22 Feb 2017 A Day at the Orphanage
12 November 2016 – A group of third year Bachelor of Pharmacy students volunteered for a community service activity at an orphanage, Rumah Charis (Home for Children) as a part of IMU Cares flagship project.
The community service was targeted at these less fortunate children as young as three years old up to adolescents in developing the use of English among the children in all age groups as well as raising awareness on sexual harassment among the adolescents.
According to a survey conducted by the World Health Organisation (WHO) younger women are more vulnerable and are more at risk of rape than older women. Similarly a data from justice systems and rape crisis centres in various countries namely, Chile, Malaysia, Mexico, Papua New Guinea, Peru and the United States showed that one-third and two-thirds of all victims of sexual assault are aged 15 years or less.
By being a part of IMU Cares project, we were driven to choose sexual violence as a topic for health education to explain concepts of social awareness, public behavior, safety and public response to the children as well as to promote these components. We were aware that most of these children may be naïve and may not know how to deal with such circumstances.
The children were initially given a brief introduction on sexual harassment. To ensure their full participation in the activities, they were divided in two groups to prepare a poster “Saying NO to Sexual Harassment” using the pictures that were provided followed by a short presentation of their work.
In contrast to that, children of the younger age group were further divided into two groups according to their age. The activities conducted for these children focused more in developing their English language and helping them to become better critical thinkers. For instance, children in the age group 3-6 years old were taught through some educational toys sponsored by some of the team members.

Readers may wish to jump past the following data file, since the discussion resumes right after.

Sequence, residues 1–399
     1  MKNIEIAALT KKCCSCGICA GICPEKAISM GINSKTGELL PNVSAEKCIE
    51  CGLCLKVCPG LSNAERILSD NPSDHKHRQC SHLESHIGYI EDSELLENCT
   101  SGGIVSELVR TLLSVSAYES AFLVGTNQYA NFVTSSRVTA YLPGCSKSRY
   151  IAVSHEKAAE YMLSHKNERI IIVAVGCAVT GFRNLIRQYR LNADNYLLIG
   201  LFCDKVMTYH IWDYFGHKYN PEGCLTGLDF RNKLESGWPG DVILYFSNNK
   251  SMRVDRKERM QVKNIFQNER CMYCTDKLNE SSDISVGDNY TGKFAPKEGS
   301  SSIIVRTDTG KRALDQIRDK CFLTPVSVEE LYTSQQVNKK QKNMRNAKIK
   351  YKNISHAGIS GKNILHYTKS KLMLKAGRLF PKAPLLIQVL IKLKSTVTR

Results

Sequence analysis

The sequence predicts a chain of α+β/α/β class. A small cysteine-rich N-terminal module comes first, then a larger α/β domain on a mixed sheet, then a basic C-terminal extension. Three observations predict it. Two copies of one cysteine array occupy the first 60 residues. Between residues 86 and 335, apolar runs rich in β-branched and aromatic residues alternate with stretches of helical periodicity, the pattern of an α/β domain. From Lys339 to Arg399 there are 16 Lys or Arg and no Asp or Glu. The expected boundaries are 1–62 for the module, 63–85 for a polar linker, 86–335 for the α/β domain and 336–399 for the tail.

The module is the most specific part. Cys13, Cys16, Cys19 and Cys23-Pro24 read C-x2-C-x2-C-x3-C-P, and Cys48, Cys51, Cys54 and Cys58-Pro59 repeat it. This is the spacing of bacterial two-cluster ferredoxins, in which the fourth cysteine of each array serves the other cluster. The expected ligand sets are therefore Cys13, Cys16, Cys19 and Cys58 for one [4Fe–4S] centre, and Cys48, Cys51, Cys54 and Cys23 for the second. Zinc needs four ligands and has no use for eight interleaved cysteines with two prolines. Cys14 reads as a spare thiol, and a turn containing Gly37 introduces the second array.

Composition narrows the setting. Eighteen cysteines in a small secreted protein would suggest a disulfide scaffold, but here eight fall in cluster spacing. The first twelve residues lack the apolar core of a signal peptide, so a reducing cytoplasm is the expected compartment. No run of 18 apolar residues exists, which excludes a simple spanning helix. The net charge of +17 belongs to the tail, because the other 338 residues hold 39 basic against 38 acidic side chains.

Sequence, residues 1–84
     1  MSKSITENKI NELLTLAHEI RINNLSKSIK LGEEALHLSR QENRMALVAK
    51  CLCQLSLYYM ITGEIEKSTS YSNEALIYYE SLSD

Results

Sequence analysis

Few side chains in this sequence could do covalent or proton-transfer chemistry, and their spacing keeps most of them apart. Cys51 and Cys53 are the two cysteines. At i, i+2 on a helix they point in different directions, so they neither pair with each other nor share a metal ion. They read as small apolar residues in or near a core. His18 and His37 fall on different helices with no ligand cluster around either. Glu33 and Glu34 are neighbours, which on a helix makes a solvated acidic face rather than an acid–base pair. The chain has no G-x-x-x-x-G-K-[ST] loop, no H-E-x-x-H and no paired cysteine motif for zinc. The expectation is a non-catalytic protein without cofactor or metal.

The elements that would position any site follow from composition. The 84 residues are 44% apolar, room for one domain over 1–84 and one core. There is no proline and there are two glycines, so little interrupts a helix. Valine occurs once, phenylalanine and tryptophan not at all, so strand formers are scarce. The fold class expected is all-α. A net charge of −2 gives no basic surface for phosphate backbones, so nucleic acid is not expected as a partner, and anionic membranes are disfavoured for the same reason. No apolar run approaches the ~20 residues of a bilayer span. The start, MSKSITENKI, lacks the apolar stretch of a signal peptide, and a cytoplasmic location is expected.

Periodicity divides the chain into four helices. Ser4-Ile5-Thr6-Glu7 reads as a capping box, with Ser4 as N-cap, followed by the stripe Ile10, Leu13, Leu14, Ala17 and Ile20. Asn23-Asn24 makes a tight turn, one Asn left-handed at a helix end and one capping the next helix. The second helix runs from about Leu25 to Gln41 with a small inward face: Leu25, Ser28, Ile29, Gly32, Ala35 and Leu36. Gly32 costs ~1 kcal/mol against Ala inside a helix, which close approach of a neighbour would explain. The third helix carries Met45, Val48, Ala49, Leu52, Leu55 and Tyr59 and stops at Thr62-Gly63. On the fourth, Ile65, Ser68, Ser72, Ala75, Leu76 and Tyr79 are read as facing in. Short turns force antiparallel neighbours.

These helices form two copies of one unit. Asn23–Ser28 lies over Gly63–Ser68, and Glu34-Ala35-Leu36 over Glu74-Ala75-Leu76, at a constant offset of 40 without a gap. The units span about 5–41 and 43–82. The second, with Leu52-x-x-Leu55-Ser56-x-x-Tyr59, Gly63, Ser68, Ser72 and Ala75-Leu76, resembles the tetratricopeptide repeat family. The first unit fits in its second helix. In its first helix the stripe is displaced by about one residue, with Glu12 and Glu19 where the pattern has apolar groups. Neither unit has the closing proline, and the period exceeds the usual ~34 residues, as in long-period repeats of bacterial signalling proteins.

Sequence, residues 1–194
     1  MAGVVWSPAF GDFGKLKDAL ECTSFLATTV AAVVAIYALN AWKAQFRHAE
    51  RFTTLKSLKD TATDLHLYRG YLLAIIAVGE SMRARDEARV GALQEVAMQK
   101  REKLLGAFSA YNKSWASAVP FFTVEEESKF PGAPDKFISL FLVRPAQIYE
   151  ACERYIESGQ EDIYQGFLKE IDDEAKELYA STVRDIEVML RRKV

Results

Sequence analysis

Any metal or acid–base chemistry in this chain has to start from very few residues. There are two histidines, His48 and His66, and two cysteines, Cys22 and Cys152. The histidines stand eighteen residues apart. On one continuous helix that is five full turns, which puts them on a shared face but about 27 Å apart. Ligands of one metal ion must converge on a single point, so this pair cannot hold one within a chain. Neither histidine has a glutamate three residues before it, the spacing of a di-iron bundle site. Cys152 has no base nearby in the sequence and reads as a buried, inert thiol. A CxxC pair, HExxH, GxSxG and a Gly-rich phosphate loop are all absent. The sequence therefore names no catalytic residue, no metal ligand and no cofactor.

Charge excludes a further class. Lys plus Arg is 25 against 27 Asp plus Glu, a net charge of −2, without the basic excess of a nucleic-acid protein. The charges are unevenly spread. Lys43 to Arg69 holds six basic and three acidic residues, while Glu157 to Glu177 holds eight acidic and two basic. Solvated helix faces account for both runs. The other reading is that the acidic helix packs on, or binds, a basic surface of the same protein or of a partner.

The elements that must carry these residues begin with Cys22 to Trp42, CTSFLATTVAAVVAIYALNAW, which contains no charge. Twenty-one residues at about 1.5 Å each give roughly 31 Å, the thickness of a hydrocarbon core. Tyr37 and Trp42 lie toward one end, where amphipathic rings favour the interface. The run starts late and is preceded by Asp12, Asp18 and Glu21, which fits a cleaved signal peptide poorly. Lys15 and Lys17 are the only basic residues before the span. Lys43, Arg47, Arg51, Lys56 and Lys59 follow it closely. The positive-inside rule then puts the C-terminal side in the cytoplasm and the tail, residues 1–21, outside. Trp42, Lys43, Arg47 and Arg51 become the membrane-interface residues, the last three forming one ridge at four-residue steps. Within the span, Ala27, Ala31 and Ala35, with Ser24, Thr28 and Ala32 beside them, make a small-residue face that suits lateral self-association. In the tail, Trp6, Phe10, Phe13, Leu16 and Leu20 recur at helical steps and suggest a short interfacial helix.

In addition to that, children from 7-11 years of age were involved in some group empowerment games followed by a diary making session. They were then taught to write reflection into their diaries. We believed that reflection writing could help improve their English language.
At the end of the visit as a student I felt privilege to be a part of the organising team in planning this visit. It was a jovial experience being a part of these children helping them in the tiniest bit way we can, as well as seeing the smile on their face.
Additionally I would like to express much gratitude to IMU Cares for supporting the fundraising conducted and sponsoring in the various stationary, cartoon balls as gifts for children and educational toys. Apart from that, as a team we were grateful for the assistance and guidance from our lecturer and mentor, Dr Dinesh Kumar Chellappan. We would also appreciate Dr Jithendra Panneerselvam and Dr Vasudevarao Avupati for guiding and helping us on that day also, Suzanne Lee, the Operation Manager (KL) in providing relevant information that helped us in planning the activities for the children.
Additionally, Tarakini Gunasegaran was overjoyed with the success of the visit to Rumah Charis and felt it was beneficial to both the volunteers and the children. She was contented to spend time with them and noticed they too gained some knowledge through the educational activities. She adds being very satisfied with the activity that was carried for the teenagers on sexual harassment as they were able to explain in detail what was sexual harassment all about, which is an essential knowledge for them as a self-protection.
Lastly, feedback from the children and caretakers were overwhelming. The children and caretakers were very pleased with the activity conducted and appreciated our efforts. Similarly, most of us felt that this was a life changing experience for us and have taught us to treasure the little things life has given us.
This article is written by Raveena Chehal